A press release states that, in a speech given by Mr McClelland to the ACT Industrial Relations Society—a very good society—he pointed out that only 46 per cent of non-union agreements provided for employee consultation compared with 77 per cent of union agreements. We find that 20 per cent of non-union agreements provided for employee representation compared with 81 per cent of union agreements. In summary, he said:

In short, under the non-union agreements advocated by the Howard Government, employees are much less likely to be consulted about important decisions affecting a business.

At worst, lack of consultation through an effectively functioning collective bargaining system is a recipe for ongoing industrial strife.

The employers have not lived up to their side of the bargain. They have not sponsored consultative approach to industrial relations; they have left themselves open to a system of industrial strife rather than a system of industrial harmony.

I want to highlight a couple of matters in the bill. A number of these go to an issue that has been reflected in clause 147: `Model rules for conduct of elections'. And I suspect the Liberal Party in Queensland might like to pick that up as well to see if they can add a bit of corporate governance to their system of electing members to parliament—we await the results of one election to see who will be the next senator from Queensland. What I really wanted to talk about was that the issue of model rules themselves has been around the industrial traps as far back as I can remember. It was a matter that was raised by the certifying barrister in Queensland in relation to the rules of industrial organisations back in the early 1990s. I can say that it will be an improvement to the system if they get it right.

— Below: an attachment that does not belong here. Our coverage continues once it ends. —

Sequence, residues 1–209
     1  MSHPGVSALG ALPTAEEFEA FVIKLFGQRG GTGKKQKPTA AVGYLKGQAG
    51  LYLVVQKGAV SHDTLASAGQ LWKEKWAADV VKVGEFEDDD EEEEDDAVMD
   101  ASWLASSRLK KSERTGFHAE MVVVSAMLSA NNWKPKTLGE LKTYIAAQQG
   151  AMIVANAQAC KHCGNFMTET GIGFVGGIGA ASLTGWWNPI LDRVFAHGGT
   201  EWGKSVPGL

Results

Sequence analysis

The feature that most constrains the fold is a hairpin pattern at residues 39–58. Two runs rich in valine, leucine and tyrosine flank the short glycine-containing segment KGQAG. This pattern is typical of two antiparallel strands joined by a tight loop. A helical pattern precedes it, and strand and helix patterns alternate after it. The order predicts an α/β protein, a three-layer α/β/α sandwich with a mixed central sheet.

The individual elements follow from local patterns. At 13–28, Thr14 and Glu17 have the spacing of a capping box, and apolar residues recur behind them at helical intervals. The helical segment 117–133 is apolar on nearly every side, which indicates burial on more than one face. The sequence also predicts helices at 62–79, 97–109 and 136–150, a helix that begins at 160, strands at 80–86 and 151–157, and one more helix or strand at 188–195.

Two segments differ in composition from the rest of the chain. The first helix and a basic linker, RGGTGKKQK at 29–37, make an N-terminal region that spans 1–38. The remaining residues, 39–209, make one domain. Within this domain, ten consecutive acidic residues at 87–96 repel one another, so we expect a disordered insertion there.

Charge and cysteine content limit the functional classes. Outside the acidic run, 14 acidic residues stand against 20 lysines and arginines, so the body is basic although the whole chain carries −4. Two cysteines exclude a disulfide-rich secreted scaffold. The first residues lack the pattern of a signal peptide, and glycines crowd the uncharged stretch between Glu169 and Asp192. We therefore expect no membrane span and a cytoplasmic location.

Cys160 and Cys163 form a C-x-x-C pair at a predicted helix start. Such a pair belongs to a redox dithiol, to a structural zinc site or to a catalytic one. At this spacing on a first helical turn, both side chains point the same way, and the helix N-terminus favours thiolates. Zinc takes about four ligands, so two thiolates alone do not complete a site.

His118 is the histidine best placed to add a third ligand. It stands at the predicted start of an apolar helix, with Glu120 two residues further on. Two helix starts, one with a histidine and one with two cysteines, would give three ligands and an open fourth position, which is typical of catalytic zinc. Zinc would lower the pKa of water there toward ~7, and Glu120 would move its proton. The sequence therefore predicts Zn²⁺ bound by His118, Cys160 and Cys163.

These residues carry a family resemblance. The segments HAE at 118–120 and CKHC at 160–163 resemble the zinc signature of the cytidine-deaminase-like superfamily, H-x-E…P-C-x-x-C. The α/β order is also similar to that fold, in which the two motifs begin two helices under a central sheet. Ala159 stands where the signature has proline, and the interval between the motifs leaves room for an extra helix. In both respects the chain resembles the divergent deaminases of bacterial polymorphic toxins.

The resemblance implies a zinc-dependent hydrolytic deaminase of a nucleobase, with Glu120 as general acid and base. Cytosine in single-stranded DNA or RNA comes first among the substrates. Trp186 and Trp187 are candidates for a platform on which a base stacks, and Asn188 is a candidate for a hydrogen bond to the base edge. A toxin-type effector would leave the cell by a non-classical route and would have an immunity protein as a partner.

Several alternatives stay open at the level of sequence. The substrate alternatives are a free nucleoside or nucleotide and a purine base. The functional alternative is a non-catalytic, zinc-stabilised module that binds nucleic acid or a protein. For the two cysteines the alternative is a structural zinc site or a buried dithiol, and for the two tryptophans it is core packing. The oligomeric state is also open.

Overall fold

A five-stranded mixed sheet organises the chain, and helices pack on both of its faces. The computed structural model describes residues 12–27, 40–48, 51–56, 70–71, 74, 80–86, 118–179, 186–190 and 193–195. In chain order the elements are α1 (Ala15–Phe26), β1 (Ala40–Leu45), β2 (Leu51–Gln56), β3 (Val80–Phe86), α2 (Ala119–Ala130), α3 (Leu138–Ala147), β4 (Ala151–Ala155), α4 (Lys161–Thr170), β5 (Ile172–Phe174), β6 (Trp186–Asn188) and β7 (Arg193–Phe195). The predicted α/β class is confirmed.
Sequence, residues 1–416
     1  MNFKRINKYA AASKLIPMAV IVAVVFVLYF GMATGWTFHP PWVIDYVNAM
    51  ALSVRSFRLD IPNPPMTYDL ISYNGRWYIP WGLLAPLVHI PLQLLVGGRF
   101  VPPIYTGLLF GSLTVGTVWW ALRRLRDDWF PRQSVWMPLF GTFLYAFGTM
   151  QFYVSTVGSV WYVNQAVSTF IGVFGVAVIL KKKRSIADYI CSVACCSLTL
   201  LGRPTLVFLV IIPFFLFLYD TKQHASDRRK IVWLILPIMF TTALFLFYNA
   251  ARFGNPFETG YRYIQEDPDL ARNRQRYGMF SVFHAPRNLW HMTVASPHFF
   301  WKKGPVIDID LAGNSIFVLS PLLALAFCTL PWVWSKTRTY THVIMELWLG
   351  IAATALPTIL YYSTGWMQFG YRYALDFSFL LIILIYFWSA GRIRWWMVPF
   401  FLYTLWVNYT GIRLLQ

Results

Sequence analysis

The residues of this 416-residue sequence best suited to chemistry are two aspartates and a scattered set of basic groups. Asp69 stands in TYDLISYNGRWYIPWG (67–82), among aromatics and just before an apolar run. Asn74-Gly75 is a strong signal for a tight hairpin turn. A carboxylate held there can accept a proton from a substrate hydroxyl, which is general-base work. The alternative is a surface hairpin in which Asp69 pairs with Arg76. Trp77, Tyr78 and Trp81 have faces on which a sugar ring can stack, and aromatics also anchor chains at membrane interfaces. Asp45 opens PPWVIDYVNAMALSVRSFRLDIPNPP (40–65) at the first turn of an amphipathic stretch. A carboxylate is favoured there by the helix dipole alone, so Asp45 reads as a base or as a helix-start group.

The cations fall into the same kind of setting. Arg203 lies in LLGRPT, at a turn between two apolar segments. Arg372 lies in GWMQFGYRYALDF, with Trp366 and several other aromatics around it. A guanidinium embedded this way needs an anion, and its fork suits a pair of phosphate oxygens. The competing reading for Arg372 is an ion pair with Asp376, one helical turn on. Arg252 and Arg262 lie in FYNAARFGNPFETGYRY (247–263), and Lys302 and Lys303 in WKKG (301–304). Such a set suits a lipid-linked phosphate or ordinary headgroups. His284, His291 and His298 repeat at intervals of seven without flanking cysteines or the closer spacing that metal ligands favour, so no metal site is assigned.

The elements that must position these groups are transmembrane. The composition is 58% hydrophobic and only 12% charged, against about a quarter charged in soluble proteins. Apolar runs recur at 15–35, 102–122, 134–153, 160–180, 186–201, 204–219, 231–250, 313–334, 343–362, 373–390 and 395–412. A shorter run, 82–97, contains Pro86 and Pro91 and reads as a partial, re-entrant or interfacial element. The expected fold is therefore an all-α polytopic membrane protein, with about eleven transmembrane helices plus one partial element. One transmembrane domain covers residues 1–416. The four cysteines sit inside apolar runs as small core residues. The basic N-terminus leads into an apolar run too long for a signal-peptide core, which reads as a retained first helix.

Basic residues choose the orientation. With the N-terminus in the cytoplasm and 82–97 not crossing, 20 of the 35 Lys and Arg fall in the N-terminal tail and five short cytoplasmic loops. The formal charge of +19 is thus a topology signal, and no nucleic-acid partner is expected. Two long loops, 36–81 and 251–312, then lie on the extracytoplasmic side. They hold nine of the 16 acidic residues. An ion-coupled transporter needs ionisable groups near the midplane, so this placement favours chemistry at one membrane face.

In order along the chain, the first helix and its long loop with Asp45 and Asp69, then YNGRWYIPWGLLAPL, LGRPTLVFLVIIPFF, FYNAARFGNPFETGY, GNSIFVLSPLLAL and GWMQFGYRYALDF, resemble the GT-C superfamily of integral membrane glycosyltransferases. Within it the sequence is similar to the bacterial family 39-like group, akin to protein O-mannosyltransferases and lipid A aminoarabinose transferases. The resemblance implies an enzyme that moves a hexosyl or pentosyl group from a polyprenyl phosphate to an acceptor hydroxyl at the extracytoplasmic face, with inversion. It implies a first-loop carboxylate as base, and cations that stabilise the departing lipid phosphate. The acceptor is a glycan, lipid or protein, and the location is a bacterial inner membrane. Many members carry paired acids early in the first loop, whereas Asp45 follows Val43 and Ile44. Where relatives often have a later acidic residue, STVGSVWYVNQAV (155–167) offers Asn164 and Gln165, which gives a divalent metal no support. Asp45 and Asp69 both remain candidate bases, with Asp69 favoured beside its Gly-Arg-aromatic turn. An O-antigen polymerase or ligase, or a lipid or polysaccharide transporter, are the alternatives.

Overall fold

In Queensland, the model rules were proposed and, as I recall, they were was raised during the Hanger inquiry into industrial relations in about 1989. That is from memory, so I am open to correction on that. That matter fell by the wayside after a while, but it has been reinvigorated in the Queensland system. At least the model rules for the conduct of elections are much, it seems, in the same form. But the difference here seems to be that this provides for the issue of guidelines setting out model rules for the conduct of organisations' elections. If they can get this matter right and if they can turn their minds to ensuring that there are model rules available, then it is a shorthand way of ensuring that organisations can pick up those rules, have them in their rule book and ensure that they comply with the relevant legislation. That is a good idea and it seems that it was probably pinched from Queensland anyway, so I am not going to grant the benefit to the drafters of this legislation; it was one that they picked up.

It seems that Queensland might have promoted it first and that this federal government has followed suit. In support of this particular provision I can say that it has had a long history. It was considered in Queensland and I would certainly draw it to the Senate's attention as a good improvement to the system. It does allow the system to sometimes short-circuit the long process of coming up with rules and spending money on drafting rules, given that model rules have already been prepared. So I would recommend this particular clause, one that this government should at least do some more work on to ensure that it works. (Time expired)